A sink's stopper may function for years without incidence, making it something you do not think about often until the stopper does not work as it should. When the stopper appears to be stuck, the problem may not be with the stopper at all but with another part in the stopper's mechanism, which lifts the stopper up in the drain and allows it to drop into the closed position.
Checking for Clogs
A large enough clog in the sink's drain located at just the right position in the drain will keep a pop-up stopper from opening or closing, so it will be stuck in only one position. To check for a clog in the sink's drain, you must remove the stopper if at all possible. With stoppers that are stuck in the open position, you can usually just lift them up and out of the drain opening. You may need to unscrew the retaining nut on the sink's drainpipe and remove the pivot rod, and then pull out the stopper to check for clogs. If the stopper is stuck in the closed position, examine the drainpipe from the opening the pivot rod goes into.
Broken parts in your sink's stopper mechanism will cause the stopper to become stuck and unable to move. The stopper itself may be broken, but you must remove the stopper to find out for sure. Once you have pulled the stopper from the drainpipe, look at the hole in the bottom part of the stopper for signs of damage, including cracking. The pivot rod may crack or break, which is the part that actually pushes the stopper up in the drain. Both parts can be replaced easily if you do find damage.
A certain screw in the stopper's mechanism may become loose, affecting the performance of the stopper mechanism so the stopper becomes stuck in the drain. When you pull up or push down on the lift rod at the top of the sink's faucet, it should not slide around under the sink without moving the clevis strap as well. If you do see the lift rod moving without the clevis strap, tighten the screw in the "C" shape portion of the clevis strap.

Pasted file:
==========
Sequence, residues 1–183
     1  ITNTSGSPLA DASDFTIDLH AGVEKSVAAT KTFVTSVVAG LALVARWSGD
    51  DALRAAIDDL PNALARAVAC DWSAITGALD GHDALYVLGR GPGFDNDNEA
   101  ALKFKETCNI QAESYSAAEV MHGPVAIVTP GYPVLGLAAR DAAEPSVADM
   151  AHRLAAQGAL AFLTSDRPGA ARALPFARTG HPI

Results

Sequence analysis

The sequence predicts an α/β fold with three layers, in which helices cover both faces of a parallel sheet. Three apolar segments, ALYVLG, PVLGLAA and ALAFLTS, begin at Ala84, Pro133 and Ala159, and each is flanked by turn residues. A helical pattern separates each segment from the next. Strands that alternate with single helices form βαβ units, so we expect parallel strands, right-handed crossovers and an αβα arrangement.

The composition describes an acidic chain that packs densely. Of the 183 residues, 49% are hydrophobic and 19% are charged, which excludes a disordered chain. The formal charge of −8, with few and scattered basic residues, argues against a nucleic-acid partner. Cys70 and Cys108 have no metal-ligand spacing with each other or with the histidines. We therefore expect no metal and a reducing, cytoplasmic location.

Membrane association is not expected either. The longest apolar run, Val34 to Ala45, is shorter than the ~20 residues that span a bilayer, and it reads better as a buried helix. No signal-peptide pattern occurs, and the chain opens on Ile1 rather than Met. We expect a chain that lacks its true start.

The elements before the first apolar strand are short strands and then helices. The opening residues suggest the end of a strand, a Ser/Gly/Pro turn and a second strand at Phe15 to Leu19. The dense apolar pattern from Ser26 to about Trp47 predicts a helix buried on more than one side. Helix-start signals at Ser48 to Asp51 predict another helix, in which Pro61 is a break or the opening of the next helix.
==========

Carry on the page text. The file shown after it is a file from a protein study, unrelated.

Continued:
Readjusting the Stopper Mechanism
Sometimes the problem of a stuck sink stopper comes down to the stopper mechanism not being adjusted properly. Sink stopper mechanisms, like other mechanisms, can come out of adjustment over time. You may notice the sink's stopper no longer keeps water in the sink as well as it did before, which may also be due to it coming out of adjustment. With the stopper in the closed position, you only need to loosen the screw connecting the clevis strap to the lift rod and wait for the mechanism to settle for about one to two minutes before you tighten the screw again.